Roughly 9 percent of the $511 billion spent in 2011 in the United States on higher education went to financing interest payments or to corporate profits, according to a new analysis from the Center for Culture, Organizations and Politics at the University of California at Berkeley. The American Federation of Teachers (AFT) commissioned the report, which found that $45 billion in higher education spending that year was for interest on individual student loan debt or on colleges' borrowing, or went to profits made by for-profit college companies.
The bulk of the $45 billion figure is attributable to student and institutional borrowing. Operating profits among for-profit colleges were roughly $4 billion in 2011, according to the report, and less than $1 billion in 2012 -- due to plunging enrollments in the sector. The student debt figure cited in the report refers to interest payments on both private and federal loans. The bulk of institutional borrowing was to fund "amenities" and construction projects, according to the study, such as for football stadiums.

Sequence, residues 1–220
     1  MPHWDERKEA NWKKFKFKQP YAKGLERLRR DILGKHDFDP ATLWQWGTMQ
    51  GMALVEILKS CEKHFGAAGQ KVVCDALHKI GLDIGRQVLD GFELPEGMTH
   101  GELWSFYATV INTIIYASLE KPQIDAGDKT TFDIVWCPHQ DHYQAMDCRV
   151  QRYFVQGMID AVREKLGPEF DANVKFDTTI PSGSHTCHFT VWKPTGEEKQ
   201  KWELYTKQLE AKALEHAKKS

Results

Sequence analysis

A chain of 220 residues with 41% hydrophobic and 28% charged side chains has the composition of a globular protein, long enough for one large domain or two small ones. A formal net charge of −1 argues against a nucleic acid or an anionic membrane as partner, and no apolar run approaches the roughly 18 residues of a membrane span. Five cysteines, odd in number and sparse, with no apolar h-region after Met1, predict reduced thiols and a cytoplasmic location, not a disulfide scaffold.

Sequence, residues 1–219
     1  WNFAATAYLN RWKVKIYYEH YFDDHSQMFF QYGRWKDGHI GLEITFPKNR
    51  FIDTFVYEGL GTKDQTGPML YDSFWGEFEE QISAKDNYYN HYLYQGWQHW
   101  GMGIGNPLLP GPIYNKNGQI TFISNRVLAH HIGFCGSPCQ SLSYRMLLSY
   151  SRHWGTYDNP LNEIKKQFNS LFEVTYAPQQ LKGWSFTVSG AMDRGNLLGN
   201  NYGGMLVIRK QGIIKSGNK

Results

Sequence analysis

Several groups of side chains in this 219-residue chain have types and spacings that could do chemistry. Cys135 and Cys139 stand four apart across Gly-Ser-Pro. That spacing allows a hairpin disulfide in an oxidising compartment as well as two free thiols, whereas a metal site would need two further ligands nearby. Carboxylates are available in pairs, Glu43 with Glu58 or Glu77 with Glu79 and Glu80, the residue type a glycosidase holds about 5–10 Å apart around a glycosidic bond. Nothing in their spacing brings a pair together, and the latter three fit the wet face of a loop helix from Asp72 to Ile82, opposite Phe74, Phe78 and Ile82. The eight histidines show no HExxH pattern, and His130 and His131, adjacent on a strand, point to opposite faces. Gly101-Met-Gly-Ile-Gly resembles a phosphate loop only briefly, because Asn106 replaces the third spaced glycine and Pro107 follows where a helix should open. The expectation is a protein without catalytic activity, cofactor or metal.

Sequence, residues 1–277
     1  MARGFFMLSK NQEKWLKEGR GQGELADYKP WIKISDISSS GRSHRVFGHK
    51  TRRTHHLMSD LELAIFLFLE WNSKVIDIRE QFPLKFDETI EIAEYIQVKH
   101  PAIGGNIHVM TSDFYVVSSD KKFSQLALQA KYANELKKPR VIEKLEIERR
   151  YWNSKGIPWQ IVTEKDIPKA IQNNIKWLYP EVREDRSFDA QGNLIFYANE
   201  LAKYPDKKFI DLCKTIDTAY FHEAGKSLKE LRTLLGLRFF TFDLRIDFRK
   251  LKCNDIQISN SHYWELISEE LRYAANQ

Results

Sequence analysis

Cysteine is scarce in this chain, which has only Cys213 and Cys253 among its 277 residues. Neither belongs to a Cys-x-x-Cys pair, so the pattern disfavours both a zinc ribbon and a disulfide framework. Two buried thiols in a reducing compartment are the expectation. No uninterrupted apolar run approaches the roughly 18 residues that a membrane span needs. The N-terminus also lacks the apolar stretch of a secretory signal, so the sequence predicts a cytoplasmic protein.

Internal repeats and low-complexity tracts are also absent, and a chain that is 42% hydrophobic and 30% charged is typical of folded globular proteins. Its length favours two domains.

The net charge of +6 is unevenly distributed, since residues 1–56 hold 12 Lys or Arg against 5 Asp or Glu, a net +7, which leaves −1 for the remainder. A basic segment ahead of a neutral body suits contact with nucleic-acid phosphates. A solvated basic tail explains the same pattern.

For-profits got plenty of attention at a Wednesday AFT event to unveil the report. Rep. Mark Takano, a California Democrat, was there. He urged tighter regulation of the sector.
"This is an insane way to educate low-income students," said Takano. "We need strong gainful emploment rules."
- New GAO report on spending patterns of veterans' tuition benefits
- House committee approves three bills to rewrite Higher Education Act
- Senate Scrutiny, Round 3
- Former student veteran earns grant and lands in Senate report
- Is the Bloom Off the Rose?
- Aftermath of for-profit fight in Wisconsin
- Final gainful employment rules drop loan default rate
- A 'Sky is Not Falling' Study on Loan Debt
Search for Jobs